To be fair, the condo cost $35,000. We were still experiencing post Texas oil bust prices, at one point that condo had cost $200,000 back in the 80s.

                But everybody did this at this school, they explained that during the interview. And even the out of state price was cheaper than my in state tuition at my state medical school so it seemed the best choice.

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                • #9
                  Wow, re: those med school costs! Didn't realize how much they have gone up. Good on you for the "wall of shame", though I doubt it will have any effect on the school, maybe it will on matriculants.

                  I know the title stated "costs in the USA", and I would never advocate US citizens going to the Carribean for med school education, if you are lucky enough to have dual US - European or Australian, New Zealand, or Singapore citizenship, I *would* strongly consider medical education in select countries there, then transfer over to the US for residency.

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                  • #10
                    I give my medical school and the university pushback against those out-of-touch solicitations for charitable donations.
                    The solution to high tuitions is to lower the tuition- rather than shake down the alumni.
                    Meanwhile the school spends money to remove a racist rock: University of Wisconsin removes boulder seen as sign of racism - YouTube

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                    • #11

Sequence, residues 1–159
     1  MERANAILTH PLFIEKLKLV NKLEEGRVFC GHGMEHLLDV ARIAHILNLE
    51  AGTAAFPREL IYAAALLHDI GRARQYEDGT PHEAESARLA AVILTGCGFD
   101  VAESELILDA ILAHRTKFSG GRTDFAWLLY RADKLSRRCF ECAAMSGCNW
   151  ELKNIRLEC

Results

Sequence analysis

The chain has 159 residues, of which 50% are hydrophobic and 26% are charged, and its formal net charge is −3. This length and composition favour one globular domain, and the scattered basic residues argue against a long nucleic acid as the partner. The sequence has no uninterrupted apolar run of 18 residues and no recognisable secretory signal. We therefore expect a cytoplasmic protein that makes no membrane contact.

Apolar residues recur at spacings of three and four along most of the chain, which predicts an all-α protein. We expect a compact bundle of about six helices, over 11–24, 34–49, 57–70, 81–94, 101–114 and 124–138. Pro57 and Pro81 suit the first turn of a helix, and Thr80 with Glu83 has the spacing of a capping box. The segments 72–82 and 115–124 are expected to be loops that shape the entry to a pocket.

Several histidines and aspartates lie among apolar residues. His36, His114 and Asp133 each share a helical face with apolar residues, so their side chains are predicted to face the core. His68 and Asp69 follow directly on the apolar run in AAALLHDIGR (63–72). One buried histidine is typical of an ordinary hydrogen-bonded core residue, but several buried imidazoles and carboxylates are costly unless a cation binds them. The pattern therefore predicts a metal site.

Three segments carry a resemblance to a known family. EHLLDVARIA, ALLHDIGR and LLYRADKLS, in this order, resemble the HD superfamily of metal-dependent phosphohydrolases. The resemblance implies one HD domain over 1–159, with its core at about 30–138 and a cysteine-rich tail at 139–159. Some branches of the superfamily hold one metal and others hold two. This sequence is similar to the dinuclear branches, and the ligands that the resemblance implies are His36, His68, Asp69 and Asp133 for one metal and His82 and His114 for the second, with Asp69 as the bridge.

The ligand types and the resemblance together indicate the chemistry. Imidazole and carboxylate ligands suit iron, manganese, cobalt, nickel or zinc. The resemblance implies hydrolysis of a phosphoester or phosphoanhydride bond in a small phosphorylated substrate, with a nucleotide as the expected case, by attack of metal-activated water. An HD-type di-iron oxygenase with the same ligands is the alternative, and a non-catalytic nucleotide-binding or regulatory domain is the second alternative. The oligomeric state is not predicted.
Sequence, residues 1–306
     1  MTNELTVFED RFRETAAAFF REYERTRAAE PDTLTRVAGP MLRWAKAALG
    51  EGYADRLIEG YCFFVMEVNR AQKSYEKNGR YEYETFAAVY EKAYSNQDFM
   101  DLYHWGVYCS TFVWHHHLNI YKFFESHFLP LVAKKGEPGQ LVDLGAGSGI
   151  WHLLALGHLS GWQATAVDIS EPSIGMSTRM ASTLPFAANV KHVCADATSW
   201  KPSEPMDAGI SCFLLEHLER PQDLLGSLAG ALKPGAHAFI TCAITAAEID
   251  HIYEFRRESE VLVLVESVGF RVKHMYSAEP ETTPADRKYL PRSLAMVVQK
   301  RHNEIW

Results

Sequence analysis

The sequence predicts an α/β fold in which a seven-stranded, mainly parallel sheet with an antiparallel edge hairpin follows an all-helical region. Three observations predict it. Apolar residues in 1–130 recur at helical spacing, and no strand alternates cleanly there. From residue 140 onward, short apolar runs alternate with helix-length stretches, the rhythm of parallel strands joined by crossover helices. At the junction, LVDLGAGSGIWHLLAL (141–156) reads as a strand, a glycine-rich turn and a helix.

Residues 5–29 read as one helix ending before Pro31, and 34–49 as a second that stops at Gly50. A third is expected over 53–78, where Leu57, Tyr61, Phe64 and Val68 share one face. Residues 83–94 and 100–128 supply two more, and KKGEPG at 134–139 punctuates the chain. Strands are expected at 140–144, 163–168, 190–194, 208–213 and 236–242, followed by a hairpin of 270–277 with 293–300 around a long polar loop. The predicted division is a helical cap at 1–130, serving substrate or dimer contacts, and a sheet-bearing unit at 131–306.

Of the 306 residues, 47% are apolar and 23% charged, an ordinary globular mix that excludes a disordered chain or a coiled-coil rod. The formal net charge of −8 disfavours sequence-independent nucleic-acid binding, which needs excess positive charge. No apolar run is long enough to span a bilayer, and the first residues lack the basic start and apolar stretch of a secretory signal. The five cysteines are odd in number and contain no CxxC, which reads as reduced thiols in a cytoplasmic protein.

Yikes mine went up a ton. I went to a NYS state school. For a decade or more they were locked in at 18,800 a year but my first year they opened that up and by the time I got out it was 35k ish. Now it is like 50K 15 years later!

                      I never understood the residency requirements. We were told buy or rent you would qualify for in state prices years 2-4.

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                      • #12
                        Originally posted by jz- View Post
                        I give my medical school and the university pushback against those out-of-touch solicitations for charitable donations.
                        The solution to high tuitions is to lower the tuition- rather than shake down the alumni.
                        Meanwhile the school spends money to remove a racist rock: University of Wisconsin removes boulder seen as sign of racism - YouTube
                        I don't follow how a naturally occuring boulder could be a racist symbol. I had no sound on the clip maybe they explained it. I believe universities need to take a hard look at tuition costs as well as some salaries. The current trajectory is ridiculous.

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                        • #13
                          My school is on one of the naughty lists. Tuition has gone up in price 3x more than inflation according to an inflation calculator.

                          Somehow I doubt that the students are coming out 3x better MDs or having 3x better experience

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                          • #14
                            So much can change with financial aid rather than just sticker price. My medical school was about 40k a year before living expenses, but after various need based financial aid, merit scholarships I ended up with a total cost of attendance of about 3k for my final year.

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                            • #15
                              Originally posted by Hoopoe View Post
                              So much can change with financial aid rather than just sticker price. My medical school was about 40k a year before living expenses, but after various need based financial aid, merit scholarships I ended up with a total cost of attendance of about 3k for my final year.
                              So basically chargemaster pricing for school instead of hospitals. Smart I guess. Some ppl are paying full freight though